Topographic map of the United Kingdom. (Photo credit: Wikipedia)
A majority of the British public voted to leave the European Union on June 23rd. It is a huge step for the island nation, who had been a part of the EU since 1973.
British Prime Minister David Cameron agreed to schedule the referendum so that Britons could vote and, after many months of rigorous debate between the “leave” and “remain” sides, the referendum culminated in a leave vote. Whether they voted in or out, the most important thing was that it was left to the British people to decide.
Both the leave and remain sides will now, I hope, shake hands and get on with the business of establishing Britain as a completely autonomous nation and successful player on the world stage. Any lingering doubts about leaving will, I am sure, be addressed in the coming weeks by the leave leaders and subsequently the new prime minister in October.
I think I can safely speak for many people when I say that there is excitement and hope in the air. Maybe I am a bit biased in my excitement. I’m an American whose country was built on breaking away from a system that wasn’t working for us. And as history has shown, United States has flourished from colonies to what you see today. Importantly, the United States and Britain have become friends and allies who still to this day regard one another as “cousins”.
So when Cameron did not step down as Prime Minister – or remain neutral throughout the campaign – it bothered me. Despite being an American who is outside this matter, it concerned me that our British cousins’ elected leader was still campaigning in this issue even after not gaining what he needed for his country in EU negotiations.
Most of all it struck me as a conflict of interest; Cameron’s position as Prime Minister was on the line if Britain voted to leave the EU, so his actions made it look as though the leadership of Britain was attempting to sway the majority of its people just to hang on to power. When the results for Brexit were announced the following day, Cameron called a press conference and announced his resignation. It was fin for him, but not until after it was all over. I call it a stain on Cameron’s legacy.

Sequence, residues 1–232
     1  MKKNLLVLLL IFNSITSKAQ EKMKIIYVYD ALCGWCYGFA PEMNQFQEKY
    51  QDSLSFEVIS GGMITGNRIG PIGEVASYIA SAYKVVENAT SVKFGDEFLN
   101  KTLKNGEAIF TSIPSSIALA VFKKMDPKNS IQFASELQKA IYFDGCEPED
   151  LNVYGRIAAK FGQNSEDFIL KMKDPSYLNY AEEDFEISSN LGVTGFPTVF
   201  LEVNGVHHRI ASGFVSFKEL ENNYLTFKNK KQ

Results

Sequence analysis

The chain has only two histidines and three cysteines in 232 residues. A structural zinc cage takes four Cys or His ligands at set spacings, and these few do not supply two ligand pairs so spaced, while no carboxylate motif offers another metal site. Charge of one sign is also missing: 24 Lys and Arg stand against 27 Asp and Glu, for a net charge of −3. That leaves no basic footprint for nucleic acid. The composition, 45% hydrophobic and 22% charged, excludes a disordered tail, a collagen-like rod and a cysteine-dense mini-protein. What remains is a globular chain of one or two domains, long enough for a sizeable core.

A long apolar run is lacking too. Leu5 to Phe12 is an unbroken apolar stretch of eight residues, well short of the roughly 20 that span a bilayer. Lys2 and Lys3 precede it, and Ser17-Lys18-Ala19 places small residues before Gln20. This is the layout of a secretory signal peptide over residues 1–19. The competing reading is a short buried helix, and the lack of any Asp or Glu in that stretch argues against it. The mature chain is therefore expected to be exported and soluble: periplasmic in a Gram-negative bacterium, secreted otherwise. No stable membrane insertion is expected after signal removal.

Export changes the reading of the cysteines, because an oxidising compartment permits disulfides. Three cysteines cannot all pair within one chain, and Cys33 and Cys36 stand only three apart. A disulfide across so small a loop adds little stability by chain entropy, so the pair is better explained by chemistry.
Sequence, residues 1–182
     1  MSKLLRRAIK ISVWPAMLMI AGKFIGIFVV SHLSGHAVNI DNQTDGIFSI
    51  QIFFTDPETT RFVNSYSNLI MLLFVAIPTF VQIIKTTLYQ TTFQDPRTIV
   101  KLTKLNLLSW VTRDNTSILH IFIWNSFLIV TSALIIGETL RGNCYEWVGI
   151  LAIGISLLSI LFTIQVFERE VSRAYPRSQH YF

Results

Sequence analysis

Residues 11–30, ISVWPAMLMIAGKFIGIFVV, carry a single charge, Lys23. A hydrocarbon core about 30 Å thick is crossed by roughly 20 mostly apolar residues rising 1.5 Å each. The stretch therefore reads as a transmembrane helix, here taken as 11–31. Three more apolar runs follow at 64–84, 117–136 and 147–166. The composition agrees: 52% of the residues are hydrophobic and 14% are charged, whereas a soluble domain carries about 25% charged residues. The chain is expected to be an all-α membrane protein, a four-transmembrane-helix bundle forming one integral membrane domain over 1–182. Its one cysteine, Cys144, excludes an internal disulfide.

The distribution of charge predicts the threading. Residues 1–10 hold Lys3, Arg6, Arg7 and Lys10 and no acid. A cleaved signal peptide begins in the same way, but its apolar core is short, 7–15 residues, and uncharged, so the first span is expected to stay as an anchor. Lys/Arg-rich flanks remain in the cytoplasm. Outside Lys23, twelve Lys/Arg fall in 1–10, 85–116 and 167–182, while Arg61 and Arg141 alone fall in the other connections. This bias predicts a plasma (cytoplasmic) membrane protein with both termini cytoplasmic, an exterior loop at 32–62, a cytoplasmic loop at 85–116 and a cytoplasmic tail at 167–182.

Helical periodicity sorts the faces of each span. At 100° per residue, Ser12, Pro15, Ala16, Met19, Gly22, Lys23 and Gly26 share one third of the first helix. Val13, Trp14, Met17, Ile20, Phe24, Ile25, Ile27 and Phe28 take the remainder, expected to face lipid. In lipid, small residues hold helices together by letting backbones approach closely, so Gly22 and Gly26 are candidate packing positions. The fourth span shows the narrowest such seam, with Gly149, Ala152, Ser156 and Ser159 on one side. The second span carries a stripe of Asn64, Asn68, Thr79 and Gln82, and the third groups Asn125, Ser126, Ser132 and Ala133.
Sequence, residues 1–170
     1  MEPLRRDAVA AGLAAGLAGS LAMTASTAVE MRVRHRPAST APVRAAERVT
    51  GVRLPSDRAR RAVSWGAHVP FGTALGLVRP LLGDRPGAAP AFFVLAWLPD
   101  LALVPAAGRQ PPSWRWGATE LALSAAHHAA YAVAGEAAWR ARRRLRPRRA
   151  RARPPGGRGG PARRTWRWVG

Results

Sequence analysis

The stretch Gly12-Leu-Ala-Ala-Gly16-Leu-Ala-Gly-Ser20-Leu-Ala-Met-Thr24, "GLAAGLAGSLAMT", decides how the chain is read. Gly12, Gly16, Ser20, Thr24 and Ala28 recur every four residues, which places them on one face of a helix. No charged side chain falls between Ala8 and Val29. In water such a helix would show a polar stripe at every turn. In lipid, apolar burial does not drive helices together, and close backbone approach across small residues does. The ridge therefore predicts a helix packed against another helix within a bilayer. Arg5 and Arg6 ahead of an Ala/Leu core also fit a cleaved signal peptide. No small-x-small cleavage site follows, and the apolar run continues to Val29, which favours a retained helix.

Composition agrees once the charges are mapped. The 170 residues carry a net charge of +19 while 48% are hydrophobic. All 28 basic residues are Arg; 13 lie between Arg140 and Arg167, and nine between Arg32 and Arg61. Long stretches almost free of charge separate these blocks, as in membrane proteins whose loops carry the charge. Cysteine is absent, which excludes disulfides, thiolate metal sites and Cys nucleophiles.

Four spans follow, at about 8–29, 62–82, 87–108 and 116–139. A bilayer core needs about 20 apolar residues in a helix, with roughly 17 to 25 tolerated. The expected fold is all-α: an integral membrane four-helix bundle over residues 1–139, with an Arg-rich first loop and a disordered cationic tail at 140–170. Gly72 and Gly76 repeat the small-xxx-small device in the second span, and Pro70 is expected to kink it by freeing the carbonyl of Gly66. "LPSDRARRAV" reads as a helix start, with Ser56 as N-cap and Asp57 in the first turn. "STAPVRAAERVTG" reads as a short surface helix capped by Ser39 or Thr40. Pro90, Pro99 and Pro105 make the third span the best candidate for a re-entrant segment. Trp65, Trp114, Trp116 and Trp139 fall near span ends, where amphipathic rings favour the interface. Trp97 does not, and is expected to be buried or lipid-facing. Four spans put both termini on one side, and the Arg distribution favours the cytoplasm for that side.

Despite this, the “Brexiteers”, as the leave supporters were dubbed, face a new future to carve as their own. They are not the first nor will they be the last to be positive and forward-looking when faced with a new world of opportunities. When the status quo has been shaken up, when the old regime has changed, how can one not feel the wind at their back? When Obama became president of the United States, the side that supported him trumpeted hope and optimism of a bright new world. His whole campaign itself was framed on “Hope and Change”. Why can’t the side that supports Brexit and things that go against the typical grain of today’s world also lay claim to that same hope for change?
It was change that seemed to be sorely needed. An example of some worrying signs that signaled need for change was when European Commission President Jean-Claude Juncker made note of his disappointment of the recent Dutch “No” vote in April. He claimed that he was “sad” over the Dutch refusal over an EU cooperation agreement with Ukraine.
Juncker’s spokesman, Margaritis Schinas, responded to the Dutch vote by dismissively declaring that it would have “no impact” on the EU’s agreement with Ukraine. Then, Alain Lamassoure, a French leader in the EU Parliament, called the vote “dreadful” and said it was unfortunate that national referendums could be used to “challenge” foreign policy decisions taken at an EU level. The question that lingers: what if it really isn’t a good policy for a particular country? What if it IS damaging? If you challenge the EU leadership for the good of your own country, then your decisions are labeled dreadful and sad. You become the bad guy. That is where Britain had been led, and the majority of Britons weren’t having any more of it.
Comedian John Cleese answered the Remain campaign’s desires perfectly:
In the words of Seamus Heaney, “noli timere” – don’t be afraid. If there is a concern about an uncertain future, that lies with the EU. If it’s as big and beneficent as it claims or that Remain supporters believe, it will still behave as a mature, considerate global partner. Unless they try to bully the U.K. for leaving? Nahhh.